Philosopher Emmanuel Levinas, finally, also mobilizes synesthesia as part of an extended discussion on the complex but necessarily linguistic component, or medium, of ethical experience. Levinas—whose characterization of ethics revolves around the biblical prohibition of murder, the Law the Hebrews received that day at Sinai—seems to suggest that sense-scrambling is intrinsic to ethical experience, to responsibility for the other. He warns against “seeing” the Face of the Other as mere physical traits: “You turn yourself toward the Other as toward an object when you see a nose, eyes, a forehead, a chin, and you can describe them… When one observes the color of the eyes one is not in social relationship with the Other.” Instead, one responds ethically to the Other by engaging through language, by hearing and responding to the commandment “Thou Shalt Not Kill” when facing the Other. Levinas turns to the synesthetic figure of the listening eye to characterize such an encounter: one “listens” to the Face, one “sees” the commandment. Here, the sovereignty of the senses falls apart and, along with it, the violent sovereignty of the subject, what Levinas calls the “Imperialism of the Same.”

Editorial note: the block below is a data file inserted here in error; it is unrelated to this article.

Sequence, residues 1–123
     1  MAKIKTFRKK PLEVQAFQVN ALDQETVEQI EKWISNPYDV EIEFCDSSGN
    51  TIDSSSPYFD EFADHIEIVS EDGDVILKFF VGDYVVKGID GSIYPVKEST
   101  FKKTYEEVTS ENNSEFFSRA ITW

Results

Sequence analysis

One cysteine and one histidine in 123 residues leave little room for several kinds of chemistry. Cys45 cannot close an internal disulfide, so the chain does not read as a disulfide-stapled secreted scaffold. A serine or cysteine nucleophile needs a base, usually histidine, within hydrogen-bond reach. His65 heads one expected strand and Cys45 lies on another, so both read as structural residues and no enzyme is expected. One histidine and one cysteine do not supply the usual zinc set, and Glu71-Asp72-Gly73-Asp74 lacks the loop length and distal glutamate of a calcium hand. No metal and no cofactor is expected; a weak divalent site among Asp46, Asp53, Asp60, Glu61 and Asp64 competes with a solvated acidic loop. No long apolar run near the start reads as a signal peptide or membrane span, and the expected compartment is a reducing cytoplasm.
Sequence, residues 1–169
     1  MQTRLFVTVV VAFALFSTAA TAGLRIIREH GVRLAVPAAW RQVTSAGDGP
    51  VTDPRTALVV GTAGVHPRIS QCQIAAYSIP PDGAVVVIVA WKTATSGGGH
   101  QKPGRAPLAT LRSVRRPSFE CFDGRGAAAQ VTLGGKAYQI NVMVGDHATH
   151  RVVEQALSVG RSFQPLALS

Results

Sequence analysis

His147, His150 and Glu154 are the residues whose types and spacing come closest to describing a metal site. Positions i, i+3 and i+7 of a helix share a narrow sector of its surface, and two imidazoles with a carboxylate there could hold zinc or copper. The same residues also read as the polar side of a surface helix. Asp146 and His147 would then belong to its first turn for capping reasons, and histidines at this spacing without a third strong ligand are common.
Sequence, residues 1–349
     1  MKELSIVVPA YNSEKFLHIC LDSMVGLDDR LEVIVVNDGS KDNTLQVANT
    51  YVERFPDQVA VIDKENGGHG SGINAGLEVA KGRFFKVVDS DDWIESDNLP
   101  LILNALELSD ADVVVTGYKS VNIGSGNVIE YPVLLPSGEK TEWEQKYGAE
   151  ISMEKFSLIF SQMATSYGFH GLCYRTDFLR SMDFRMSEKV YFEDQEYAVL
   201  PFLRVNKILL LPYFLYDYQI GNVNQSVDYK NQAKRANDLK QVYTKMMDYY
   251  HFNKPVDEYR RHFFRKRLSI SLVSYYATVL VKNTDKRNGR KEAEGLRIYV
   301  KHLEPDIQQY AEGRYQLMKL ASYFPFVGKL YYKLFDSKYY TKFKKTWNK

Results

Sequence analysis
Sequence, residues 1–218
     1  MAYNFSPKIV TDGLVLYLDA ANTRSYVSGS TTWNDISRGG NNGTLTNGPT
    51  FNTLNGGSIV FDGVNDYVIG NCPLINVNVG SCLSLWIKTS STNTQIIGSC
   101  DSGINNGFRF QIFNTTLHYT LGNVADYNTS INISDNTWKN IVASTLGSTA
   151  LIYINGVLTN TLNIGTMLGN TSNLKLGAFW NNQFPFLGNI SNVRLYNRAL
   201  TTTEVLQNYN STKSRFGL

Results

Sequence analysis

So what do we hear, if we “listen” to color today? What are the ethics and politics of synesthesia? If Hell names the place in which the Sun is silent, how do we begin to listen to the Sun? Synesthetic ethics, synesthethics, if you will—a suspension of the sovereignty or autonomy of any one sense, as well as the sovereignty of the subject—begins with a fundamental distrust in our senses, or in our tendency to generalize from a sense-perception. “Seeing” color or phenotype is a problem when we use that information to make a generalized assumption about that person, but claiming not to see color is equally problematic. Synesthetic ethics means that we guard space for Black joy, for the “thinking” of color lovingly narrated by Morrison. It also means that we are called upon to read between the lines when we look and listen, that we retrain our senses, but also—and more importantly—our interpretive skills. Quite distant from evoking a debate over the merits of “proper” versus “improper” protest, the image of a broken storefront window suddenly becomes the thundering sound of grief and rage. It means that we won’t only listen with our ears, but with our entire bodies, and with our hearts. A shriek, a cry, the piercing sound of shattered glass must make us tremble. Indeed, it may be a violent experience: but it is only from this kind of violence, the violence of fear and trembling at Sinai, that the pursuit of justice—here, racial justice—can begin.